For a number of reasons I decided on the second option which resulted in a much longer stay on the hard but in the long run I think it paid off. Already I'm hating the hour and fifteen minute commute to the boat. If I had tried that for a few years my project would have ended up 11 years and then some.
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Old 23-08-2016, 10:27   #55
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Re: Long, long, long boat projects

Quote:
Originally Posted by Celestialsailor View Post
First, congratulations. I have built 2 steel sailboats of my own, helped on another, each one being 2+years back to back. Then a 34 chainsaw rebuild, 3 years, then my Ingrid 38, 2 year rebuild, my Rawson 30, 1 year and finally the Hallberg Rassy, 2 years and out cruising. So 12 years of rebuilding over a 40 year span. Yes, I'm demented. Hope to see you out there some day.


If no pictures, it didn't happen...
I'm working on some "after" pictures. Do I have to have "before" photos as well????
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Old 23-08-2016, 10:34   #56
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Re: Long, long, long boat projects

Quote:
Originally Posted by robwilk37 View Post
im 4 years in. completely gutted to bare hull and deck. major mods completed...
repair encapsulate keel, new laminated floors, 8 primary bulkheads, raise salon coach roof, extend fore-peak, add sprit receiver, new rudder build, add lazarette/propane locker, cockpit re-work for tiller, glassed hull/deck joint. sure im forgetting a few. i figure im 71% sail ready then two more years making things pretty and cruise ready.

although ive done this kind of work for years, and comfortably had my head around it from the start, im constantly amazed at the ridiculous amount of time it takes me to complete most jobs. im always losing time to "analysis paralysis" where i want to do something but it affects half a dozen future projects and all those decisions have to be made now before i can do this small thing so i dont screw myself two years from now. its exhausting. very hard working without a net so-to-speak, no assembly manual or previous build to reference. but still a ton of fun.

disagree with the caution against having a boat project in your backyard, its the only way id take on something like this. if i had to commute to a boat yard and set up tools and lock up at the end of the day id never get anything done. as it is i get something done every day, i can walk out my back door and get right to work because the boat/shop/tools are all right there. sometimes i get into a lamination schedule that requires a new layer every two hours and i can do that all night long. its convenient as hell.

bottom line for me is i know every inch of my boat and when things get serious im not going to be worried about weather an hourly laminator was having a bad day, or a bit of kit was installed incorrectly. probably have over-built on certain areas, but peace of mind is priceless.

but you gotta love doing the work, otherwise its a special kind of misery.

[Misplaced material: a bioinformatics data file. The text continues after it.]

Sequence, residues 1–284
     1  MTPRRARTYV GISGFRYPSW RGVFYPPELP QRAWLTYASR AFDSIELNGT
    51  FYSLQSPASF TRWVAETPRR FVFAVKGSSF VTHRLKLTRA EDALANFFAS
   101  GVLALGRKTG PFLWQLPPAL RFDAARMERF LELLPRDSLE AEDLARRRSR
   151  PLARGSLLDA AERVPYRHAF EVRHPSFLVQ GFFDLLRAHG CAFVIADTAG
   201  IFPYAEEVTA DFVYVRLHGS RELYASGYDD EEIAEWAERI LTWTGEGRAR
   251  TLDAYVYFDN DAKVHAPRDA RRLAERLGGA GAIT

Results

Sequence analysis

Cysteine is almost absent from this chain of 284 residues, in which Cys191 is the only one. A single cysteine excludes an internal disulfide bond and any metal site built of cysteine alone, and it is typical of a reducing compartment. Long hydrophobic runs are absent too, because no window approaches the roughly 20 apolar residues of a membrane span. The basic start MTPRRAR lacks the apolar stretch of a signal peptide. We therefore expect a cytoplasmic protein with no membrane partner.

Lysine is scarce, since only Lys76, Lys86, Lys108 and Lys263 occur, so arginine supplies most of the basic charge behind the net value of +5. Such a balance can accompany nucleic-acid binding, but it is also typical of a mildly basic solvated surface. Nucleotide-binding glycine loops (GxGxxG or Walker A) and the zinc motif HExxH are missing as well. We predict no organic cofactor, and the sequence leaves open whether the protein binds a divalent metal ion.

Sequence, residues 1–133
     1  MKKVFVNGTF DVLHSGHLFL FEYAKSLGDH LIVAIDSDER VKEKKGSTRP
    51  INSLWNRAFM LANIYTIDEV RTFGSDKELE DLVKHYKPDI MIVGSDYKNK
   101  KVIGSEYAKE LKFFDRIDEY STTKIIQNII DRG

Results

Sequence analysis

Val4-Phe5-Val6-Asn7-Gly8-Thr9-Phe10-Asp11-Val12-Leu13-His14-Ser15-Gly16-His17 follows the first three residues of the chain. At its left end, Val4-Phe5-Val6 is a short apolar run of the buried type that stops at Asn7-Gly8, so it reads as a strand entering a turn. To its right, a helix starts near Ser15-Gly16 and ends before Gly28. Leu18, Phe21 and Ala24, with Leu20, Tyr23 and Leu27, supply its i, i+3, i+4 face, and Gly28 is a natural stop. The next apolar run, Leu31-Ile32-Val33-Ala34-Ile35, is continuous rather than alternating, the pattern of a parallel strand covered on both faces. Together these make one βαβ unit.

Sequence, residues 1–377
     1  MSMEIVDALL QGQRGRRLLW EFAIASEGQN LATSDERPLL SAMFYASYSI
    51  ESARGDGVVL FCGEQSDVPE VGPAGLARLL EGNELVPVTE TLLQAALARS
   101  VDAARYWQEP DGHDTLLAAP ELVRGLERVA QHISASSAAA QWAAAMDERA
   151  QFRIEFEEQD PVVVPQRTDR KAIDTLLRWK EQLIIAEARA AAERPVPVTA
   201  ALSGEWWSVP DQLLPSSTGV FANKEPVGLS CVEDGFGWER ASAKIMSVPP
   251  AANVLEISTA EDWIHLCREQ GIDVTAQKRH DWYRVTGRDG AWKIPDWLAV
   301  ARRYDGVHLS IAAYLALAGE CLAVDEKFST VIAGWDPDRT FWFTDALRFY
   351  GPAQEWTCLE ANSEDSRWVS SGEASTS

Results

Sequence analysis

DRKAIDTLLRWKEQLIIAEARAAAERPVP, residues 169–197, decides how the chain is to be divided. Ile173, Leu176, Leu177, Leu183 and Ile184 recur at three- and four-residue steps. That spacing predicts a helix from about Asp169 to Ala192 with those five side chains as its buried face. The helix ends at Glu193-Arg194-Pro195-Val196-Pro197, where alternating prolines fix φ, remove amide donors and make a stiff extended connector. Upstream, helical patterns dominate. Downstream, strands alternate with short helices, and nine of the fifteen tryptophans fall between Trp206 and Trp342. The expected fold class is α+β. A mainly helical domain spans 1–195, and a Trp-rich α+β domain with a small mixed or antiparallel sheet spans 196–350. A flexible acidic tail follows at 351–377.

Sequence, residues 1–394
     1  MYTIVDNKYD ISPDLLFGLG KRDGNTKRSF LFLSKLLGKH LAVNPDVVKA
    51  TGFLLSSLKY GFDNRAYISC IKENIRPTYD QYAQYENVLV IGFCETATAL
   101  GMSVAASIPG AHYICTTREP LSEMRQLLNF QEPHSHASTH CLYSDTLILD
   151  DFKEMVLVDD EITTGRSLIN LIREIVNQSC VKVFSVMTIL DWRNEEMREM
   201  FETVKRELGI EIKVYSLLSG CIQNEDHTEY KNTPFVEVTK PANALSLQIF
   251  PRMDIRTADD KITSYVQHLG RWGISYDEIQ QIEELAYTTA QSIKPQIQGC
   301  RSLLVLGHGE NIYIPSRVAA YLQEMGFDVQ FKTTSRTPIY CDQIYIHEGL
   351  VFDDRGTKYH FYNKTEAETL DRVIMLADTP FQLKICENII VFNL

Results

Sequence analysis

Sounds like your project will take about as long as mine and I didn't come close to gutting the hull.

I understand about the analysis paralysis. There were some projects, like the new box and insulation for the fridge, that I spent almost as much time on the thinking and planning as I did the implementation. It that case it really paid off as I avoided any major uhohs like0" I should have done this before I did that and now I have to take this apart to fit that in."
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Old 23-08-2016, 12:30   #57
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Re: Long, long, long boat projects

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I'm working on some "after" pictures. Do I have to have "before" photos as well????
No...Just pictures of a smile on your face, beer in your hand and significant other buy your side. Maybe display a few scars while you're at it.
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Old 23-08-2016, 12:35   #58
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Re: Long, long, long boat projects

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No...Just pictures of a smile on your face, beer in your hand and significant other buy your side. Maybe display a few scars while you're at it.
Do psychological scars count?
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Old 23-08-2016, 15:43   #59
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Re: Long, long, long boat projects

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Do psychological scars count?
I thought a boat project was a labor of love...lol
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Old 23-08-2016, 15:54   #60
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Re: Long, long, long boat projects

skipmac...

i just opted for one of these. made by NATLUNA built-in but removable, 12vdc/120vac, pretty efficient too. dometic, norcold, engle and whynter make similar ones. but then again i had the luxury of a bare hull and could plan the galley around the fridge and center-line sink.